ALL this bad been so sndden that, that gnawed him with such silent to use the trite phrase--for no other sternness. No-Captain Roland was is so expressive-it was like a dream. one of those men who seize hold af I felt an absolute, an imperious want your thoughts, who mix themselves of solitude, of the open air. The up with your lives. The idea that swell of gratitude almost stified me- Roland should die-die with the load the room did not seem large enough at his heart unlightened, was one that for my big heart. In early youth, if seemed to take a spring out of the we find it difficult to control our wheels of nature, an object out of the feelings, so we find it difficult to vent aims of life-of my life at least. For them in the presence of others. On I had made it one of the ends of my the spring side of twenty, if any thing existence to bring back the son to affects us, we rush to lock ourselves the father, and restore the smile, that up in our room, or get away into the must have been gay once, to the streets or the fields; in our earlier downward curve of that iron lip. years we are still the savages of But Roland was now out of danger, Nature, and we do as the poor brute -and yet, like one who has escaped does,—the wounded stag leaves the shipwreck, I trembled to look back herd, and, if there is any thing on a on the danger past; the voice of the dog's faithful heart, he slinks away devouring deep still boomed in my into a corner.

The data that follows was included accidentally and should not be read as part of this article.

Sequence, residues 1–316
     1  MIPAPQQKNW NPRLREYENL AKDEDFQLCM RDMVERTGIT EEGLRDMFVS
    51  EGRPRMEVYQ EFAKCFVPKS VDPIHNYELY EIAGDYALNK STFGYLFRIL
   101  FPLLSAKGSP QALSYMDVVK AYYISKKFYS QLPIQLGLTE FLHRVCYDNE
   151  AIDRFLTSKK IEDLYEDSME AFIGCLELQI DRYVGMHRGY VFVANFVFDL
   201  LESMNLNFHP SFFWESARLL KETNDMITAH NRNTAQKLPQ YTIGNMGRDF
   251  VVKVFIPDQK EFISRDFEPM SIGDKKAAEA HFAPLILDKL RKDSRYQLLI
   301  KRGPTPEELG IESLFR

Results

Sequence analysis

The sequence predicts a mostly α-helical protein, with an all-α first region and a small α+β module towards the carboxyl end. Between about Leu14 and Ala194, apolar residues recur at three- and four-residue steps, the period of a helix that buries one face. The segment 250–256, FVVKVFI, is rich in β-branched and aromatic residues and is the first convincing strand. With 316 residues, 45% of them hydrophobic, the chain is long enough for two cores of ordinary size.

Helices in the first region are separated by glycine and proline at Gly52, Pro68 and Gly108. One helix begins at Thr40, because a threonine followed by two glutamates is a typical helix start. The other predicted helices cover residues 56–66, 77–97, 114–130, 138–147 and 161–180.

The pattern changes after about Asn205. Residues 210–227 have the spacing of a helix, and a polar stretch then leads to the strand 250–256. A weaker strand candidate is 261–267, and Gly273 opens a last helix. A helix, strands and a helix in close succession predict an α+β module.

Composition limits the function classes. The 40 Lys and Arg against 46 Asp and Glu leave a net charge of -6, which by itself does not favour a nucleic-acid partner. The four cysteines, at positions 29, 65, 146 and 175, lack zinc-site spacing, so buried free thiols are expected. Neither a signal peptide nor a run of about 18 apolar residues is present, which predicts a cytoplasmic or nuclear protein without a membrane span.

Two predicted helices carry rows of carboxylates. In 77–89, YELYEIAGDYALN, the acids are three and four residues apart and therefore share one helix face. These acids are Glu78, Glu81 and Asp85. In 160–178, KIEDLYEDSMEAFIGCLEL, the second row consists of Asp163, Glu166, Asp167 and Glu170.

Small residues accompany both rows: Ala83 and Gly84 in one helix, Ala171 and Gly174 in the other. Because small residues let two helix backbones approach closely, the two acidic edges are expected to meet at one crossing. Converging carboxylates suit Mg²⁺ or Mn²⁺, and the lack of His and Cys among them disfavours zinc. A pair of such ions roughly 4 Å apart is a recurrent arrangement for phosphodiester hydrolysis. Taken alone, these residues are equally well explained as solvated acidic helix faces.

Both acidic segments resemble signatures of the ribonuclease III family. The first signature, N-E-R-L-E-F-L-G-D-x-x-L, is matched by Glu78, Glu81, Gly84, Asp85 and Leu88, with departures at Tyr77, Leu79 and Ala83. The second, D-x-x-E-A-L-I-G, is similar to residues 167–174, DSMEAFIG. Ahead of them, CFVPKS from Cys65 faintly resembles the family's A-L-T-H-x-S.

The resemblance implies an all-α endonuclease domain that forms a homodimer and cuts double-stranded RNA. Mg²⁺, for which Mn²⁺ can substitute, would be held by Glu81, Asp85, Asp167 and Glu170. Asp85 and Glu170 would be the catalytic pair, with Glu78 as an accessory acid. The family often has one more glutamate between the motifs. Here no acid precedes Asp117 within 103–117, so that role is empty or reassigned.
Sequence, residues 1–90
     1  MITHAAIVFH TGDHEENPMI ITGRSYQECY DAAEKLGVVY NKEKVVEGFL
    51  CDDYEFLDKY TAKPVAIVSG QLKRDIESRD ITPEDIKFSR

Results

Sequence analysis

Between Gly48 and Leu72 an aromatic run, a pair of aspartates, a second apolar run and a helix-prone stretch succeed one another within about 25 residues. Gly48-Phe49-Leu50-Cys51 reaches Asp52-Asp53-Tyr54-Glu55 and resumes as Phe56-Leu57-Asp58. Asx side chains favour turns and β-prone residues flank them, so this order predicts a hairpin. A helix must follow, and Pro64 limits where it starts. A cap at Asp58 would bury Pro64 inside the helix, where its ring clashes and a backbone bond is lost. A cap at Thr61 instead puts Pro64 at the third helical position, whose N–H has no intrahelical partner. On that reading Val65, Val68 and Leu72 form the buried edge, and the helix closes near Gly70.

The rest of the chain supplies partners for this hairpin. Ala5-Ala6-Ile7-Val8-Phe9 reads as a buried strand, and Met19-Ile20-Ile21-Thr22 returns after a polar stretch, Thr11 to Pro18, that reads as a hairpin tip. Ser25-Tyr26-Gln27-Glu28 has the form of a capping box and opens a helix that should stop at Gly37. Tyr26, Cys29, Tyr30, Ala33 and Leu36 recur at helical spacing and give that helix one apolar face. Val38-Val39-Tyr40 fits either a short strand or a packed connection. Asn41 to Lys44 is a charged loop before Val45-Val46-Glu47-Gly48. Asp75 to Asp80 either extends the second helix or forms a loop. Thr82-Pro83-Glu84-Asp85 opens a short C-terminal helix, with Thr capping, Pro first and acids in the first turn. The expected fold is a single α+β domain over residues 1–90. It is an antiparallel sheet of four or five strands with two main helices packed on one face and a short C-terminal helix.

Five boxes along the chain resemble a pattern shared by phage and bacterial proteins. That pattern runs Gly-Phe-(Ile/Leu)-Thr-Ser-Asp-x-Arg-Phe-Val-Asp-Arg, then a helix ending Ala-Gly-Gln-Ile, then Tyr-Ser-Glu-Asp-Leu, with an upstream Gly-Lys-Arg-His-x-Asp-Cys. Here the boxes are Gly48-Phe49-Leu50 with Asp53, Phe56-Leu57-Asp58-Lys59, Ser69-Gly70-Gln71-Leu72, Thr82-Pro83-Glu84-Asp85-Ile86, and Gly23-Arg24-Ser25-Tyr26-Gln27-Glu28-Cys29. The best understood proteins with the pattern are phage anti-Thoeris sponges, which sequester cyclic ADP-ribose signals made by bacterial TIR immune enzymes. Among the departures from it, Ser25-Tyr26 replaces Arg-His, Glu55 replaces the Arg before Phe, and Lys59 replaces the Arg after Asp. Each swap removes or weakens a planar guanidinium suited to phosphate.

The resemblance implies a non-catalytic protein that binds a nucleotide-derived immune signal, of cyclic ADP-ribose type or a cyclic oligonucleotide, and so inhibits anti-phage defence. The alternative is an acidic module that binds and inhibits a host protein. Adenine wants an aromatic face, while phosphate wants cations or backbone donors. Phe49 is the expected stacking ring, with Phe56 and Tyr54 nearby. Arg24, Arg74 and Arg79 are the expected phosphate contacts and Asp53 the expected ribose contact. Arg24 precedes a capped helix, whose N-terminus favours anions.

ears. While rapt in my reveries, I Accordingly, I stole out of the stopped mechanically to hear a clock hotel, and wandered through the strike-four; and, looking round, I streets, which were quite deserted. perceived that I had wandered from It was about the first hour of dawn, the heart of the city, and was in one the most comfortless hour there is, of the streets that lead out of the especially in London! But I only Strand. Immediately before me, on felt freshness in the raw air, and the door-steps of a large shop, whose soothing in the desolate stillness. closed shutters wore as obstinate a The love my uncle inspired was very stillness as if they had guarded the remarkable in its nature: it was not secrets of seventeen centuries in a like that quiet affection with which street in Pompeii,-reclined a form those advanced in life must usually fast asleep; the arm propped on the content themselves, but connected hard stone supporting the head, and with the more vivid interest that the limbs uneasily strewn over the youth awakens. There was in him stairs. The dress of the slumberer still so much of vivacity and fire, was travel-stained, tattered, yet with in his errors and crotchets so much the remains of a certain pretence : of the self-delusion of youth, that an air of faded, shabby, penniless one could scarce fancy him other gentility made poverty more painful, than young. Those Quixotic ex- because it seemed to indicate unfitness aggerated notions of honour, that to grapple with it. The face of this romance of sentiment, which no hard- person was hollow and pale, but ship, care, grief, disappointment, could its expression, even in sleep, was wear away, (singular in a period fierce and hard. I drew near and when, at two-and-twenty, young men nearer ; I recognised the countenance, declare themselves blasés !) seemed to the regular features, the raven hair, leave him all the charm of boyhood. even a peculiar gracefulness of posture: A season in London had made me the young man whom I had met at more a man of the world, older in the inn by the way-side, and who heart than he was. Then, the sorrow had left me alone with the Savoyard